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Extramural Funding for Extension

screen shot of the grant funding video

This is funding brought in by Extension professionals from within or outside of the institution. Extramural funding may come from a variety of sources including industry, private & public donors, commodity groups, federal, state, and non- governmental agencies and others.

What are extramural funding Opportunities?

This is funding brought in by Extension professionals from within or outside of the institution. Extramural funding may come from a variety of sources including industry, private & public donors, commodity groups, federal, state, and non- governmental agencies and others.

Why is funding so important in Extension?

The outreach, education and research activities expected of Extension professionals requires funds to accommodate research and many educational expenses which can range from renting meeting venues, printing material, producing videos, buying research supplies, paying for research assistance or attending conferences. These expenses are usually beyond and above local allocations from the university or local governments that support Extension work.

How do you develop funding sources?

There are many ways to think about developing and obtaining funds to support your Extension work, however, all of them rely on developing and building relationships and this takes time. Here are things to consider:

  • Start with Clientele Needs. The number of funding opportunities can seem overwhelming. Be efficient with your time and energy by narrowing your focus based on your stakeholder needs assessment. Think of the big picture of your whole program, and how individual projects and grants promote your program.
  • Talk to Peers and Mentors. Ask others in and beyond your state who work with similar clientele and how they fund their research and Extension activities. Learn the advantages and drawbacks of different sources of funding, in terms of timeframes of funding, allowed expenses, chances for success and requirements for
  • Build Rapport. Get to know the key stakeholders in your field before you go looking for money. Figure out common problems that you and these agency or granting entity are trying to solve. These stakeholders may be direct sources of funding, may partner on projects, or may know other sources of funding. Learn the limitations of different funding sources and understand how this fits into your whole program. For example, will a funder support travel (National or international if needed) to share research results? What equipment purchases are allowed? etc.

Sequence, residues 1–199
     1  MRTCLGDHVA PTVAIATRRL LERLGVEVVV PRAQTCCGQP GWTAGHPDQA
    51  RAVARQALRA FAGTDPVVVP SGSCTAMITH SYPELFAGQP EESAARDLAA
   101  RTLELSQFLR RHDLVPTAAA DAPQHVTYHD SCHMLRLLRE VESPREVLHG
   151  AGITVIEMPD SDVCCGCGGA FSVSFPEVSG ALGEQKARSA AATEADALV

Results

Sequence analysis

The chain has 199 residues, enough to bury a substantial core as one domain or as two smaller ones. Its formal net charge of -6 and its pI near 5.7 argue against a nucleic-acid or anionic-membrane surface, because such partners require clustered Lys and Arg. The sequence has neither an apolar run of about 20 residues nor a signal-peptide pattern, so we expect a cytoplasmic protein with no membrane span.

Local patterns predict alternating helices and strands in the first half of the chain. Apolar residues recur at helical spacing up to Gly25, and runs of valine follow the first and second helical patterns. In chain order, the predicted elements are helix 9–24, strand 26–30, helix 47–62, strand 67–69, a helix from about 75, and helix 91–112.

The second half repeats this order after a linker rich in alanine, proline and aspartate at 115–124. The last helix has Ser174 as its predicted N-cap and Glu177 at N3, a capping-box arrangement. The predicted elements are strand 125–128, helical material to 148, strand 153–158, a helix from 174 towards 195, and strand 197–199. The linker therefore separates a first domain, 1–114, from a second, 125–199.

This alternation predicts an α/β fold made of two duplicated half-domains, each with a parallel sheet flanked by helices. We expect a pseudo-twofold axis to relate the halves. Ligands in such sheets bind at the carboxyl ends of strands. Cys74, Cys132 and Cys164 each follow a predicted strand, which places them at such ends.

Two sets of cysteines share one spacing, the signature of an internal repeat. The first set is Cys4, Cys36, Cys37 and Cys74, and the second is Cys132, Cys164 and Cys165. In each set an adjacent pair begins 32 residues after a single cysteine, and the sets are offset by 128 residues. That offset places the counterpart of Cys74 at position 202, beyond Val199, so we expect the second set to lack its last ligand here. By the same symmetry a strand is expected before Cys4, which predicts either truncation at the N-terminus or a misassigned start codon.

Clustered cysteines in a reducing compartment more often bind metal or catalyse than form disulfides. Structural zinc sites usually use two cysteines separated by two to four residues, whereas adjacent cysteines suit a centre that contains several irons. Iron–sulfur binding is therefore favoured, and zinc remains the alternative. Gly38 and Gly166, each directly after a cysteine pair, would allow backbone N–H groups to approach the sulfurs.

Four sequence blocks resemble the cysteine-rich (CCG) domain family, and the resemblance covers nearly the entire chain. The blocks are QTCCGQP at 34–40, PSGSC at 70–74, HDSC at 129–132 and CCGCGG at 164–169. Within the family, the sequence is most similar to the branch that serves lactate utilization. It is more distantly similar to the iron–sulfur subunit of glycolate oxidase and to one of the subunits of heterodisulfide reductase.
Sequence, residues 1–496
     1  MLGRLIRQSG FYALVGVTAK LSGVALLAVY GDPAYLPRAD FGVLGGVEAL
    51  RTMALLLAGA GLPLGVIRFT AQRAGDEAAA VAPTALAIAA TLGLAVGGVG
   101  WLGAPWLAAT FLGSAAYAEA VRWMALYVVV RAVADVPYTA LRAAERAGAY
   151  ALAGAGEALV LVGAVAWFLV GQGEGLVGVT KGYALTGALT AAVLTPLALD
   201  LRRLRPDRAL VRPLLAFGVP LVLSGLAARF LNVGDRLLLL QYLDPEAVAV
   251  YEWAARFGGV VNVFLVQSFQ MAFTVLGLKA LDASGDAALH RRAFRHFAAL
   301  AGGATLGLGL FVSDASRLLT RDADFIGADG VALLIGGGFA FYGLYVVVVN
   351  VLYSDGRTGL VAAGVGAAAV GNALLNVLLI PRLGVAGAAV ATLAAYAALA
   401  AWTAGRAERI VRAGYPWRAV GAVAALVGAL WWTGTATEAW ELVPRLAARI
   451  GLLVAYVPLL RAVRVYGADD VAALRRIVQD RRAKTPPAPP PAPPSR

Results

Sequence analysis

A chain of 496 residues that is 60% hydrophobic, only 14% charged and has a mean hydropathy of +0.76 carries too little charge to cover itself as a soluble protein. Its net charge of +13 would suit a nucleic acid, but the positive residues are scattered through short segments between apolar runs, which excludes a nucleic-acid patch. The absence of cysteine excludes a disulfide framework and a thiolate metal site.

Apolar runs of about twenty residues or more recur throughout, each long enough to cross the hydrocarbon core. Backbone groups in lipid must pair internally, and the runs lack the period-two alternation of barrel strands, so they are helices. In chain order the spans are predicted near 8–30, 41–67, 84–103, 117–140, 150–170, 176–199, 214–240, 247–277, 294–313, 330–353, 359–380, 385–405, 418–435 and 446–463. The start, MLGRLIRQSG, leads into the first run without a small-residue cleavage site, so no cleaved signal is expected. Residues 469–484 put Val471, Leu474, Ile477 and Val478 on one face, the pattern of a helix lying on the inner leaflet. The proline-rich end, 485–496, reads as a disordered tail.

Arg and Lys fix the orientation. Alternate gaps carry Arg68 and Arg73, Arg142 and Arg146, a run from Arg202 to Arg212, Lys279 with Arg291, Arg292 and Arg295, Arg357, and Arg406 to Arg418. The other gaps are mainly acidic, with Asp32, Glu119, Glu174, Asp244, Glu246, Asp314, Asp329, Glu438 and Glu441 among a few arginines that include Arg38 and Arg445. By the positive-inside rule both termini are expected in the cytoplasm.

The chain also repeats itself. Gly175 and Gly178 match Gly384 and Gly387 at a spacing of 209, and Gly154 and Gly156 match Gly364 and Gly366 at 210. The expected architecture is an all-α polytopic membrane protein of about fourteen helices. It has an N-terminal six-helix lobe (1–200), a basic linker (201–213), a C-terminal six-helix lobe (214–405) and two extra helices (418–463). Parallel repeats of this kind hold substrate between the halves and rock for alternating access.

• Start Small. Early in your career, while you are still establishing your credibility and competency, you’ll likely need to partner with more senior faculty and develop smaller projects with narrower, short-term goals. Collaboration with an established Extension professional can allow the development of a relationship with a granting agency, therefore, consider beginning small and build your competence and reputation in your field.
  • Writing Proposals. Governmental agencies and NGOs often call for a pre-proposal and invite back a smaller group of applicants to accept a full proposal. Commodity groups often skip the pre-proposal step and ask for full proposals. Find out timelines before proposals are announced. Ask colleagues to share copies of successful grants they have written to the same funder in the
  • Write with Precision. Proposals need to go beyond a generic approach. Look into the grant review process. Will your grant be reviewed by administrators, academics or practitioners in the field? Adjust your language accordingly, but always offer very specific language demonstrating detailed background knowledge of what you are proposing to do, and how the anticipated project outcomes will further the goals and objectives of the granting
  • Establish Credibility and Competency. Do good work producing high-quality results. Keep funders involved throughout the course of the grant by inviting them to meetings or field days, sharing educational materials created and acknowledging their contribution whenever possible. Take pictures and collect testimonials to be sure you are documenting your impact correctly, in addition to using hard numbers. Show how you have attained, or better exceeded, the goals and objectives of the project e.g. through scholarship and impacts.
  • Granting Resources:
    • Grants.gov has a searchable database (http://www.grants.gov/web/grants/search-grants.html) but also note, at the bottom of the screen, that you can set up a “Subscription” tailored to your interest.
    • GrantForward.com is an excellent resource for finding funding opportunities and includes federal, state, foundation, and “other.” Find if your institution subscribes to the site and then you can use your “.edu” email to subscribe for free.
    • Foundations have countless options available but contact them directly to discuss your ideas.
    • An up-and-coming newer option is Crowdfunding (http://en.wikipedia.org/wiki/Crowdfunding). Read more about crowdfunding for academic institutions here

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